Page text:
Davina McCall says it took until her 40s to accept myself for who I am

Davina McCall, 54, is a champion for women. Following her groundbreaking documentary Sex, Myths And The Menopause, she has become a voice for us all and we admire her for it.

Her book, Menopausing, is due out in September and she tells us it’s become her “mission in life” to urge women to speak more openly about the menopause and highlight the vast misinformation surrounding it.

A trusted face on our TV screens for more than 20 years, she’s the perfect person to lead the conversation on this sensitive issue. In fact, ever since we first heard the words “this is Davina” in her Big Brother days, the public has tended to sit up and listen.

Davina is certainly relatable. She might be a celebrity, but she’s incredibly humble – on her website she calls herself simply “a mother and a friend”.

We chatted to Davina about how we all need a little more time away from social media, what “self-care” means to her and at what age she truly accepted herself. Plus, as ambassador for affordable fashion brand JD Williams, we also chatted fashion.

The mum-of-three has some top tips on putting summer outfits together and reveals a few favourite pieces from her latest
JD Williams collection…

Hi, Davina. What does being a woman today mean to you?

That’s an interesting question. I think, for me, it’s all about being a mother and part of a very welcoming and amazing sisterhood. Women have an ability to speak to each other in perhaps a way that men do not. For example, a woman can go very deep and meaningful with another woman, quite quickly, which makes me feel very privileged.

What advice would you give the next generation of women?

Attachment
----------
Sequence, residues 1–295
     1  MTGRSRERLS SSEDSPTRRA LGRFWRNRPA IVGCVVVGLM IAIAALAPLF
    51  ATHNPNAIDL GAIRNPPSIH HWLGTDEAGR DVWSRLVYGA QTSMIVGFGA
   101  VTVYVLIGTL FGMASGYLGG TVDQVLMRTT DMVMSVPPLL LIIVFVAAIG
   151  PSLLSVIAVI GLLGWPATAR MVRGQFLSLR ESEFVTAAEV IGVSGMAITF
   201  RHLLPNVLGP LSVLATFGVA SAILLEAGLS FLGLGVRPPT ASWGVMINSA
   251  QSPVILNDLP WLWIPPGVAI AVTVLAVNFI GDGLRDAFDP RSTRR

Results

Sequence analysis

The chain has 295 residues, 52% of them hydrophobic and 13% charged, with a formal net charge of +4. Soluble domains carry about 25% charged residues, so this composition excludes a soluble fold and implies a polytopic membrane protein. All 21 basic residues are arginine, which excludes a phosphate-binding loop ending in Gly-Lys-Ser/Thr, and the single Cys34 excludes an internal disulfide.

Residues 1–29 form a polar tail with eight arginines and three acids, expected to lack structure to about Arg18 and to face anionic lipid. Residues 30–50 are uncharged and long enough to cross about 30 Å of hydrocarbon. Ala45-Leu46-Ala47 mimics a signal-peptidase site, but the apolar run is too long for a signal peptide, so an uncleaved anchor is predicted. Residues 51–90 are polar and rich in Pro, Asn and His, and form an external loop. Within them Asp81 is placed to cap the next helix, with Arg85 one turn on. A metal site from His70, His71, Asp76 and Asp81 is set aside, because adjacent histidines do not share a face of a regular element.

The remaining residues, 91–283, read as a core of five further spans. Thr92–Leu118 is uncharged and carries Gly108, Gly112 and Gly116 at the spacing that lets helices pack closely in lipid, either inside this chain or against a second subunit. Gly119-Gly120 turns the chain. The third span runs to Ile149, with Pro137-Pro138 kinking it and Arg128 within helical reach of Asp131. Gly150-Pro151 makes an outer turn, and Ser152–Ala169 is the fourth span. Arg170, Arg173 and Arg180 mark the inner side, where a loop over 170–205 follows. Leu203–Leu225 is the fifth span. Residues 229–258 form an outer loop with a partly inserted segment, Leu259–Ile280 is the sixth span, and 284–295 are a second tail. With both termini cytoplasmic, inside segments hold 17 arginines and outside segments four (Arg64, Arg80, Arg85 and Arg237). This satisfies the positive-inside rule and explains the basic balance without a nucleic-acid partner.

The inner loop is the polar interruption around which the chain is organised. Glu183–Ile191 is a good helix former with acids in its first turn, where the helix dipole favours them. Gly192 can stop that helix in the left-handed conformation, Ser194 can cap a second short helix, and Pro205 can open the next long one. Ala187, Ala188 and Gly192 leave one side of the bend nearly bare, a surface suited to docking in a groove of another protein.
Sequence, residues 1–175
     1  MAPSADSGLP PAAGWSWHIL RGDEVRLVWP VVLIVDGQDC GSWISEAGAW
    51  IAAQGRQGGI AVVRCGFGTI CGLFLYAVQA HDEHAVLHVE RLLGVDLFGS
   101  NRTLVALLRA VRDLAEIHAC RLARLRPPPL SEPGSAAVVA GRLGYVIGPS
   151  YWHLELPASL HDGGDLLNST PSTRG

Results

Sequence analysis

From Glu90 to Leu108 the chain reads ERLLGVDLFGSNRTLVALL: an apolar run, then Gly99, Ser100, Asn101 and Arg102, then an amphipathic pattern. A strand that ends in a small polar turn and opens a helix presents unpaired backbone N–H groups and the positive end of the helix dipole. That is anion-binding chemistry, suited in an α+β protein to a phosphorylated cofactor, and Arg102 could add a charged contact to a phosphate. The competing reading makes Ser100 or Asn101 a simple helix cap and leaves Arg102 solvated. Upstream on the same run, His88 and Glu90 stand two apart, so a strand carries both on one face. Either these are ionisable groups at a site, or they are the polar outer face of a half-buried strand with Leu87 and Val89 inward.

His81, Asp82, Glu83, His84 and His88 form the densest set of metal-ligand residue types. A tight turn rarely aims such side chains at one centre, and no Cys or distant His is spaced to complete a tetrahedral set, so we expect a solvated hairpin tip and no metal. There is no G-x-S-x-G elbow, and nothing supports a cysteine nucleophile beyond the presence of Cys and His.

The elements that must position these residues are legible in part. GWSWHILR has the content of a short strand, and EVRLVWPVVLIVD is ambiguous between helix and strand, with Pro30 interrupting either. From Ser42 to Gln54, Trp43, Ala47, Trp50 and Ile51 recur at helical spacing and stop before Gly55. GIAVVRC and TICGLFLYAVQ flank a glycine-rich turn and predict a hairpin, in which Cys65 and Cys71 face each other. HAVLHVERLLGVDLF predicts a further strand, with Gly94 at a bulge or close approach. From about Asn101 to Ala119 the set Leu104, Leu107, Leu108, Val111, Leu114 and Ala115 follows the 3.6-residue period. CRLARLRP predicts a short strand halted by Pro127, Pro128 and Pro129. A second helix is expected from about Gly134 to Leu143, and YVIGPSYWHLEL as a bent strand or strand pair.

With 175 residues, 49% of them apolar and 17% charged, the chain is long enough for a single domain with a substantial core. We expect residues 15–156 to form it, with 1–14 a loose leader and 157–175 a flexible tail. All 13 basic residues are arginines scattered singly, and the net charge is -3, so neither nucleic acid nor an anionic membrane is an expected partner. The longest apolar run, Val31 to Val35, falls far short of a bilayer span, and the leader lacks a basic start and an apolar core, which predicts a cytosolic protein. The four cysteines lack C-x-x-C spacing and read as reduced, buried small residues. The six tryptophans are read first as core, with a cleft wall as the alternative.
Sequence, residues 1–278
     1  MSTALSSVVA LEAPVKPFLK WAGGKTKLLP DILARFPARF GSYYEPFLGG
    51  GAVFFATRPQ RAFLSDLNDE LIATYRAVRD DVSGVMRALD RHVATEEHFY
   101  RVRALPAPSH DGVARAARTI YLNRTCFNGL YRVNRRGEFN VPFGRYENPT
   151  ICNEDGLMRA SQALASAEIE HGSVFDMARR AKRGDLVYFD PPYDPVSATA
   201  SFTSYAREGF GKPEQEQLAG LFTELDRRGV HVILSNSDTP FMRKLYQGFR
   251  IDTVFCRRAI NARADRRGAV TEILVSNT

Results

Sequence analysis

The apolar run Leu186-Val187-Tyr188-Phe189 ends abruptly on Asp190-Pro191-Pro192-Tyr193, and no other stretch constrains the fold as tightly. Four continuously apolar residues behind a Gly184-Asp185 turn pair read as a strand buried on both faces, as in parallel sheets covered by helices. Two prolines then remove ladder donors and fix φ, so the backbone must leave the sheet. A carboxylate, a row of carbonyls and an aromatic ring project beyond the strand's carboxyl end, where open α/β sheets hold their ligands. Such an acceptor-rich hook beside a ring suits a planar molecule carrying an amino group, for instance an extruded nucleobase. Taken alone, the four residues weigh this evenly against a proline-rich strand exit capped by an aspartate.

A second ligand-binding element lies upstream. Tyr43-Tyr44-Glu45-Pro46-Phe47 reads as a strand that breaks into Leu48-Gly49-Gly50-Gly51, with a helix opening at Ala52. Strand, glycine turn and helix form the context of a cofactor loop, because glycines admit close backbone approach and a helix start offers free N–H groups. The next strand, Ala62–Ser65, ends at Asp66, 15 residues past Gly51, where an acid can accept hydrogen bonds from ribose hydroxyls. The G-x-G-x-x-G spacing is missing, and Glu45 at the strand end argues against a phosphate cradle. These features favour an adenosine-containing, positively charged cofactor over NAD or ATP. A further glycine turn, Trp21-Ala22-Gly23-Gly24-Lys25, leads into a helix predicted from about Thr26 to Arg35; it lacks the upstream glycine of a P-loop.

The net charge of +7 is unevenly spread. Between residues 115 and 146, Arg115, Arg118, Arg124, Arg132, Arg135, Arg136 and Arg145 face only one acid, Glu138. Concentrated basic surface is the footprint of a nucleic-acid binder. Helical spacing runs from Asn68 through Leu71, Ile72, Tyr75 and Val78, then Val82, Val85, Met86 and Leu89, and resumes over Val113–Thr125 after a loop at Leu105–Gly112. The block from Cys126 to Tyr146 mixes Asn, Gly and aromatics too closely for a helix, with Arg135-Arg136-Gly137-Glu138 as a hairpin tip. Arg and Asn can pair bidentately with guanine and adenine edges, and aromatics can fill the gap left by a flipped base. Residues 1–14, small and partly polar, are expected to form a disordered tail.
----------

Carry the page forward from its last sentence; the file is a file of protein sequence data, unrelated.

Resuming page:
My advice is to be confident in your abilities and aim high.

How do you think you can make a difference?

I have a platform which I try to really make a difference with. My mission in life is to try to spread hope and information around the menopause – this has been my most recent and main ambition.

What does body confidence mean to you?

You can’t have body confidence without being confident all over. You just have to feel good about yourself. That’s not about what you look like, it’s about the feeling you get inside. It’s like magic! Sometimes you can have it and by midday it’s gone. Then, by three o’clock it comes back again.

For example, I have days where I wake up in the morning and I think, “I love this outfit, it’s all coming together nicely,” then I get on the Tube and someone shoots me a weird look and I think, “I’m revolting.” Then I get to the afternoon and have a great meeting and feel really good about myself again.

The one main thing that evens me out in terms of confidence and how I feel is my fitness. I’m talking about getting outside and doing a 20-minute brisk walk or doing a 10-minute workout when I get home. You don’t have to start massive, but doing any kind of exercise really helps.


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At what age did you feel you accepted yourself?